Call for Papers

Elections form the foundations of democracy and have been the target for attack since its inception. Over the last few decades the introduction of digital technologies to elections has opened up a raft of new attack vectors. Recently in the US there is discussion of placing voting technologies on the list of national, critical infrastructures. Secure voting protocols, in particular so-called “end-to-end verifiable” schemes, have been a hot topic of research for the last decade or so. Voting poses many challenges: the precise characterization of very subtle properties including verifiability and coercion resistance, and the design and analysis of schemes providing these properties in a complex, hostile environment. The field requires a deep understanding of modern crypto but is highly interdisciplinary, requiring understanding of the role of humans, procedures, laws, regulations, etc.

Papers should contain original research in any area related to electronic voting technologies, verifiable elections, and related concerns. Example topics include but are not limited to:

  • In-person voting systems
  • Remote/Internet voting systems
  • Voter registration and authentication systems
  • Procedures for ballot and election auditing
  • Cryptographic (or non-cryptographic) verifiable election schemes
  • Attacks on existing systems
  • Designs of new systems
  • Experiences deploying voting systems or conducting elections
  • Experiences detecting and recovering from election problems
  • Formal or informal security or requirements analysis
  • Examination of usability and accessibility issues
  • Research on relevant regulations, standards, or laws

Important Dates

Submissions deadline23:59 UTC, December 9th, 2016
Notification of acceptanceFebruary 1st, 2017


Submissions will be judged on originality, relevance, correctness, and clarity.

Submissions must not substantially overlap with works that have been published or that are simultaneously submitted to a journal or a conference with proceedings. Submissions should follow the Springer Lecture Notes in Computer Science format and should be no more than 15 pages including references and well-marked appendices. Accepted papers will appear in the proceedings published by Springer Lecture Notes in Computer Science. Authors who wish to publish a full version of their paper later may opt-out by publishing a 1-2 page extended abstract only.

All submissions will be reviewed double-blind, and as such, must be anonymous, with no author names, affiliations, acknowledgements, or obvious references.

Please use the following EasyChair link to upload your submissions: EasyChair submission website

Program Co-Chairs

Peter Y. A. Ryan

Vanessa Teague

Program Committee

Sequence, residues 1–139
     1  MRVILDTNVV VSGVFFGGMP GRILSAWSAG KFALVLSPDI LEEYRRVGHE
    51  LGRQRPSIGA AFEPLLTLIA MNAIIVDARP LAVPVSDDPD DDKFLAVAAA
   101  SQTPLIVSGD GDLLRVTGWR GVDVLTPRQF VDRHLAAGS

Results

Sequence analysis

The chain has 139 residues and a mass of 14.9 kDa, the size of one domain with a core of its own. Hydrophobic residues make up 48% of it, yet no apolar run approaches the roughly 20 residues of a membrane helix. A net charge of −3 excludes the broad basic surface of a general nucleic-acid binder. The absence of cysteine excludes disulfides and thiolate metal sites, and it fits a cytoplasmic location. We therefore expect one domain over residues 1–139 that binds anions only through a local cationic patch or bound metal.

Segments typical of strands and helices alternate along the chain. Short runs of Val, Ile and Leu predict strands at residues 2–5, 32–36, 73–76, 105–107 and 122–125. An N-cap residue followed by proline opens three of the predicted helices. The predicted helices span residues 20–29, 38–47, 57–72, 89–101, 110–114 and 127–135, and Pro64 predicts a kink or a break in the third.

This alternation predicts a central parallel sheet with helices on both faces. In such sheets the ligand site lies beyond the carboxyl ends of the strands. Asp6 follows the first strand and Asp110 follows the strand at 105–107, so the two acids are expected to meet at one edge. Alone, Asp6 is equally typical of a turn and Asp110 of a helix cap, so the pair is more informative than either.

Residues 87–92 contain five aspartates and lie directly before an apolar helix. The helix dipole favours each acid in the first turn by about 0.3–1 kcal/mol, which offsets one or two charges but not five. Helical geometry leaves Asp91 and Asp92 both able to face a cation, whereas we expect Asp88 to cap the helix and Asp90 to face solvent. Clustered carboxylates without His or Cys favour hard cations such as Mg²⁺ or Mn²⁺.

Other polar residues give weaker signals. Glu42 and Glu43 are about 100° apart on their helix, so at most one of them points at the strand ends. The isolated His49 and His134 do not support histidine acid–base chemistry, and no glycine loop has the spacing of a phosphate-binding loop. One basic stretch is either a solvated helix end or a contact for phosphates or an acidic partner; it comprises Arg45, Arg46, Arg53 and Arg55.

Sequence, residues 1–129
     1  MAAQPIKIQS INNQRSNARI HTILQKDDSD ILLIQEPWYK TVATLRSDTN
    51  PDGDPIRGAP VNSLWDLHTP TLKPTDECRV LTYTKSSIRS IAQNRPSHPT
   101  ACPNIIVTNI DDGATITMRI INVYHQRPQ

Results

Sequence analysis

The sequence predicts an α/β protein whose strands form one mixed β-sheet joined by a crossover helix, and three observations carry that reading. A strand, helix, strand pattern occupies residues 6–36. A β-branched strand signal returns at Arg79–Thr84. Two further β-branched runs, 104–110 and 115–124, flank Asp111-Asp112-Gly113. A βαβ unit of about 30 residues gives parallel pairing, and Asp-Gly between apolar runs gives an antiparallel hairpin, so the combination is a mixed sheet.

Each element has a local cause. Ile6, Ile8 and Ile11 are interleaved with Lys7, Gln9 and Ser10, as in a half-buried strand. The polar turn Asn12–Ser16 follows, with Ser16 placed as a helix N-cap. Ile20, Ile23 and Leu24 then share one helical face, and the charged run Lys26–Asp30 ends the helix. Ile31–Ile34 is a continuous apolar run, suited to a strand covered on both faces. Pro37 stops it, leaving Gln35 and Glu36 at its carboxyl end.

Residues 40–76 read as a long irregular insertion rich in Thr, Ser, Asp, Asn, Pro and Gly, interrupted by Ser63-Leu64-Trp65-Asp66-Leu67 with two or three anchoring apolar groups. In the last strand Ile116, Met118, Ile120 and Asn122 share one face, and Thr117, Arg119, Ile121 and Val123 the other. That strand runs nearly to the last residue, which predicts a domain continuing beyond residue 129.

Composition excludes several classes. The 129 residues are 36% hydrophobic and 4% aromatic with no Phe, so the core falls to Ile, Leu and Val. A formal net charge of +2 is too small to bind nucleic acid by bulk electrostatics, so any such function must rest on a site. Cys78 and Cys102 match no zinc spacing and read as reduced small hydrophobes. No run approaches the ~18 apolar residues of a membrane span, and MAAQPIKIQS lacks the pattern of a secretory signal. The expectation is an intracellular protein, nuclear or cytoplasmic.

Roberto Araujo Universidade Federal do Pará
Josh Benaloh Microsoft Research
Jeremy Clark Concordia University
Chris Culnane Melbourne University
Eric Dubuis Bern University of Applied Sciences
Jeremy Epstein SRI International
Aleksander Essex Western University
David Galindo University of Birmingham
Kristian Gjøsteen Norwegian University of Science and Technology
Rajeev Gore The Australian National University
Jeroen van de Graaf Federal University of Minas Gerais – Belo Horizonte
Rolf Haenni Bern University of Applied Sciences
J. Alex Halderman University of Michigan
Richard Hill Hill Associates
Reto König Bern University of Applied Sciences
Steve Kremer INRIA Nancy
Robert Krimmer Tallinn University of Technology
Ralf Kuesters University of Trier
Helger Lipmaa University of Tartu
Tal Moran IDC Herzliya
Olivier Pereira Université catholique de Louvain
Ron Rivest Massachusetts Institute of Technology (MIT)
Peter B Roenne University of Luxembourg
Alon Rosen IDC Herzliya
Mark Ryan University of Birmingham
Steve Schneider University of Surrey
Berry Schoenmakers Eindhoven University of Technology
Carsten Schuermann IT University of Copenhagen
Philip Stark University of California, Berkeley
Melanie Volkamer Karlstad University / TU Darmstadt
Poorvi Vora The George Washington University
Dan Wallach Rice University


Schedule Friday April 7th 2017
Welcome: Vanessa Teague and Peter Y. A. Ryan
Session 1: Foundations

Ron Rivest, Philip B. Stark and Zara Perumal

BatchVote: Voting rules designed for auditability

R. Ramanujam, Vaishnavi Sundararajan and S P Suresh

Existential Assertions for Voting Protocols

Olivier Pereira and Ron Rivest

Marked Mix-Nets
Coffee break
Session 2: Tutorial

Rolf Haenni and Philipp Locher

Pseudo-Code Algorithms for Verifiable Re-Encryption Mix-Nets
Keynote: Philip Stark. Sometimes, a Paper Trail Isn't Worth the Paper It's Printed on
Lunch break

Vitalik Buterin

Blockchain and Smart Contract Mechanism Design Challenges” Ethereum Foundation (founder) in TSC workshop
Session 3: Protocols

Peter Roenne, Vincenzo Iovino, Alfredo Rial and Peter Y A Ryan

Using Selene to Verify your Vote in JCJ
Coffee break
Session 4: Protocols

Kristian Gjøsteen and Martin Strand

Fully homomorphic elections: Stronger security, better verifiability

Oksana Kulyk, Stephan Neumann, Karola Marky and Melanie Volkamer

Enabling Vote Delegation for Boardroom Voting

Nan Yang and Jeremy Clark

Practical Governmental Voting with Unconditional Integrity and Privacy

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